A study by the Albert Schweitzer Foundation for Our Environment found multi-resistant germs in 71% of Lidl chicken meat samples of their own brand “Metzgerfrisch” from the discounter Lidl based in Bad Wimpfen (Baden-Württemberg), Germany. These germs could cause diseases such as urinary tract or gastrointestinal infections. The foundation blames the conditions in chicken fattening for the high germ load and calls on Lidl to comply with the standards of the European Broiler Chicken Initiative.
Imke Lührs, a specialist in internal medicine and board member of doctors against factory farming, said to Breakinglass News, “The vast majority of samples are contaminated with pathogens that are potentially dangerous for humans. The high proportion of antibiotic-resistant germs on the meat is absolutely worrying.”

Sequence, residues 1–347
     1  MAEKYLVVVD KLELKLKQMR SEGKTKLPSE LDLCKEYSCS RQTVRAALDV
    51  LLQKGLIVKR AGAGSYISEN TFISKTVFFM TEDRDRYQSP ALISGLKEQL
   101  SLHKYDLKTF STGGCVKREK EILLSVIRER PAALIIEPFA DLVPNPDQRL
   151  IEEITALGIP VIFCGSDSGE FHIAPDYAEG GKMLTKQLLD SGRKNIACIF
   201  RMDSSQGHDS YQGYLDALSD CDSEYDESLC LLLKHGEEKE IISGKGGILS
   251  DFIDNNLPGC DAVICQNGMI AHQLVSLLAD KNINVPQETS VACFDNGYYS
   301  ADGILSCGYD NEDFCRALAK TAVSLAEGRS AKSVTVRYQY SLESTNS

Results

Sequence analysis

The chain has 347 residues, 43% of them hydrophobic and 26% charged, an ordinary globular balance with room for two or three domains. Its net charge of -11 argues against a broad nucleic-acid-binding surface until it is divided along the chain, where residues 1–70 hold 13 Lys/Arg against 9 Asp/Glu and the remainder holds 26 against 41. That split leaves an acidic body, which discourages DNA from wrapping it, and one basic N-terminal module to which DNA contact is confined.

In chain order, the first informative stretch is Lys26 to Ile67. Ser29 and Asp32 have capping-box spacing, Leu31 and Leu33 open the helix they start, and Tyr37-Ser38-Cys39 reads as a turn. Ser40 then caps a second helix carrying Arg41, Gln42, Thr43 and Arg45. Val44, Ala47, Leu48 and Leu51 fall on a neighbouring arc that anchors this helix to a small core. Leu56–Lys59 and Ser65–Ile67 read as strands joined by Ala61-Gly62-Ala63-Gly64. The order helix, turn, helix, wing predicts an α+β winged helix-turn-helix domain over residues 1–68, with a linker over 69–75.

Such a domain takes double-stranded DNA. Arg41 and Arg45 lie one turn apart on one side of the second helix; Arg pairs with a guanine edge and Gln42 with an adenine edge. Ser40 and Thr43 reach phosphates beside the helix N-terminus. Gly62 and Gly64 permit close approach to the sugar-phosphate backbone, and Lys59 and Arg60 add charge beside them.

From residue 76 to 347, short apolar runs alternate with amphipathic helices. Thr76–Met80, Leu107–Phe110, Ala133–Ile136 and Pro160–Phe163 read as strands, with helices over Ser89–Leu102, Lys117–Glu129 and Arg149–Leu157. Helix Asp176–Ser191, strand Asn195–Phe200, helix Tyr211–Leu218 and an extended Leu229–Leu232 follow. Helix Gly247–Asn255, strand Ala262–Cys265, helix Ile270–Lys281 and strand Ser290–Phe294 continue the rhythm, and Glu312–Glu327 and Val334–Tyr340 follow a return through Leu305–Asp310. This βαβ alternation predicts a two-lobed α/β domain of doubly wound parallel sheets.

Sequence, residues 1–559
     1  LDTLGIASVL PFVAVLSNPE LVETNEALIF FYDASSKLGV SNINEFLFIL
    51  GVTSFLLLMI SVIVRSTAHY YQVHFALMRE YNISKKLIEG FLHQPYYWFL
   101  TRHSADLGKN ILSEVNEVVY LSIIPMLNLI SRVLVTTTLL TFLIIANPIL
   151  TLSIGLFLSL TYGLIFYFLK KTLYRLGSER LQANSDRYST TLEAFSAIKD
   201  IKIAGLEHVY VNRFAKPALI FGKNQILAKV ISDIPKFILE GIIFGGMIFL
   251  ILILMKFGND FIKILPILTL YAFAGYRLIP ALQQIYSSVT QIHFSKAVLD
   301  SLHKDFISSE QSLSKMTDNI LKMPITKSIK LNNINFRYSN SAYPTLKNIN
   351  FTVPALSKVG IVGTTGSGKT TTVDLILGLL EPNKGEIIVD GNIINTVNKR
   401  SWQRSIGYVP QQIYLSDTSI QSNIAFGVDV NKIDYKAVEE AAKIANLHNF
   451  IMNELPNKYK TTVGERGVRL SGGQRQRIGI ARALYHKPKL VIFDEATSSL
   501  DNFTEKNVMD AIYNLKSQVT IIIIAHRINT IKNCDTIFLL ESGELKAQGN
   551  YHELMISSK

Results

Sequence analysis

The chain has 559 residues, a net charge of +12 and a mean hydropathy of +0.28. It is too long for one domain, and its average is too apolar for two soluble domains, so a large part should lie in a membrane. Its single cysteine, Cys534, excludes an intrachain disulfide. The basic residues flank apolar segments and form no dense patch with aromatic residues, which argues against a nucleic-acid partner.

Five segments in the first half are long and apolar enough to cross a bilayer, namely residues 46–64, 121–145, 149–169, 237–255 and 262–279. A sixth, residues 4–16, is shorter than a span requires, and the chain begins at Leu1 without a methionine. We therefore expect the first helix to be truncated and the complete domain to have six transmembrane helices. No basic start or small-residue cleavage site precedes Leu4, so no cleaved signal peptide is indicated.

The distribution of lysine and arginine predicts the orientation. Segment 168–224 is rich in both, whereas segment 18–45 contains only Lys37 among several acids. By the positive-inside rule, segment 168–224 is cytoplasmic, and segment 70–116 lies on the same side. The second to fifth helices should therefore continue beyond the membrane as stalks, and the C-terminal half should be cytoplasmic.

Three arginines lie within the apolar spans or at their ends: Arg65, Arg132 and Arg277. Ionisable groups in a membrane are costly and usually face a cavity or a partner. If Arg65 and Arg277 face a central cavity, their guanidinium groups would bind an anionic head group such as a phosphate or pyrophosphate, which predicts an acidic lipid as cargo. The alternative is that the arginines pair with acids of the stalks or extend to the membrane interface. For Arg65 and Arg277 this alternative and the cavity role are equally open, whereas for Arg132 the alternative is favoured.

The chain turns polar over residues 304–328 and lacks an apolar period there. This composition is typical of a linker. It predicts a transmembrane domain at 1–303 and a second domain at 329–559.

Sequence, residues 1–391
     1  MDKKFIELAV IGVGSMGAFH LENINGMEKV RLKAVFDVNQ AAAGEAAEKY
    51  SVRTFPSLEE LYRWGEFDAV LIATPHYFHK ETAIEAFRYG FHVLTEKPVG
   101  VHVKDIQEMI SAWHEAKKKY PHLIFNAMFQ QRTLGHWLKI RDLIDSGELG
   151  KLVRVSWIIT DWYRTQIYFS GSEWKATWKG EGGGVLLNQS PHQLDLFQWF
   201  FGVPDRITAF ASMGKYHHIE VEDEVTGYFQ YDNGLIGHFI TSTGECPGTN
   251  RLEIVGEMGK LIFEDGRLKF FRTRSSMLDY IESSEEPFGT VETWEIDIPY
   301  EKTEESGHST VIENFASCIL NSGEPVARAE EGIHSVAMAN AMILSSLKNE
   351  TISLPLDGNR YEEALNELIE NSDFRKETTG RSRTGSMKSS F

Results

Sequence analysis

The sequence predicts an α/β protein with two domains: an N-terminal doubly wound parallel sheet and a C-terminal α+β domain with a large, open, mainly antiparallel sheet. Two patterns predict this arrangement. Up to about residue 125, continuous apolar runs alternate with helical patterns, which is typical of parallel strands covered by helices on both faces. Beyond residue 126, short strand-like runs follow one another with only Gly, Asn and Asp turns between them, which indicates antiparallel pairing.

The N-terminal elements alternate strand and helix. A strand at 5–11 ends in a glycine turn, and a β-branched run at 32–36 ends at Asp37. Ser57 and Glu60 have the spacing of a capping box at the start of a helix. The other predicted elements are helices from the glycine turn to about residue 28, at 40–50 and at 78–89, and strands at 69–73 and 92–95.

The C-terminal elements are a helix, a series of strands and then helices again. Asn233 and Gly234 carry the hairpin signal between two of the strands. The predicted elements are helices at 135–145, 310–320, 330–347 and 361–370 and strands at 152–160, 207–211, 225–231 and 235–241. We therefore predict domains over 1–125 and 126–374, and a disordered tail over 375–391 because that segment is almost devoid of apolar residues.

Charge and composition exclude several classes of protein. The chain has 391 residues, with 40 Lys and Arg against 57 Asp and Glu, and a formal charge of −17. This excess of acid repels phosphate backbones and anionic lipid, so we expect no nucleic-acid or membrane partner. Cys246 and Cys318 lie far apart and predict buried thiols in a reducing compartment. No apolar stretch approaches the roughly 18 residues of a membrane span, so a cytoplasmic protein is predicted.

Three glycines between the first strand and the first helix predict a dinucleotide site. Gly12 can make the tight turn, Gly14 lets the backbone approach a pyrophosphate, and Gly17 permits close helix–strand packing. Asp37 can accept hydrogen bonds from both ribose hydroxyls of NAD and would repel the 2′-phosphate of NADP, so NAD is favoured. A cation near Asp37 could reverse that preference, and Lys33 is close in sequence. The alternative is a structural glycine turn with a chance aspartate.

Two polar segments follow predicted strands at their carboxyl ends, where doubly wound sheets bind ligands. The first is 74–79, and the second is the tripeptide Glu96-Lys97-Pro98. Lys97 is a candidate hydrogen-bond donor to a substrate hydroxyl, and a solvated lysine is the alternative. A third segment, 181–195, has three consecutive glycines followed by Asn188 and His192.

According to the Foundation, the analysis found that 71% of the samples contained the enzyme ESBL, which makes the bacteria found on the meat resistant to several common antibiotics. The majority of resistant bacteria (75%) are faecal germs Escherichia coli which can trigger various diseases. In addition, Enterococcus (25% of samples), Campylobacter (18 %) and Salmonella (1 Probe) were also found. A total of 51 samples of chicken meat products (all husbandry type level 2 “Barn Plus”) taken in January and February 2023 in eight randomly selected Lidl stores across Germany were examined, and only six samples did not show any resistant bacteria.
The World Health Organization (WHO) estimates that around 1.3 million people now die every year because antibiotics cannot cure their infections due to resistance to pathogens. In Germany, there are 45,700 deaths a year that are related to resistant germs and a further 9,650 that are directly attributable to them. The problem is being made worse by the excessive use of antibiotics by the animal agriculture industry. Laith Yakob, from the London School of Hygiene and Tropical Medicine at the University of London, wrote in the journal The Lancet Planetary Health that almost 100,000 tons of antibiotics for animal breeding are sold every year.